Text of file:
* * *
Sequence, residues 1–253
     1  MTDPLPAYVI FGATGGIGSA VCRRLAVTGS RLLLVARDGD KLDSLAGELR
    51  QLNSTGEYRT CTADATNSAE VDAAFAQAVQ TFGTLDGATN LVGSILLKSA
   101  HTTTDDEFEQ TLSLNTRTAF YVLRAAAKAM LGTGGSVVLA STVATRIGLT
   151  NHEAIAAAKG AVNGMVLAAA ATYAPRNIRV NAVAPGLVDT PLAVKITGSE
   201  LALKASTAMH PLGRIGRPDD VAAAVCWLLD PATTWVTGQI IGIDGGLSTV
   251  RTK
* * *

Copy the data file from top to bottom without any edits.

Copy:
Sequence, residues 1–253
     1  MTDPLPAYVI FGATGGIGSA VCRRLAVTGS RLLLVARDGD KLDSLAGELR
    51  QLNSTGEYRT CTADATNSAE VDAAFAQAVQ TFGTLDGATN LVGSILLKSA
   101  HTTTDDEFEQ TLSLNTRTAF YVLRAAAKAM LGTGGSVVLA STVATRIGLT
   151  NHEAIAAAKG AVNGMVLAAA ATYAPRNIRV NAVAPGLVDT PLAVKITGSE
   201  LALKASTAMH PLGRIGRPDD VAAAVCWLLD PATTWVTGQI IGIDGGLSTV
   251  RTK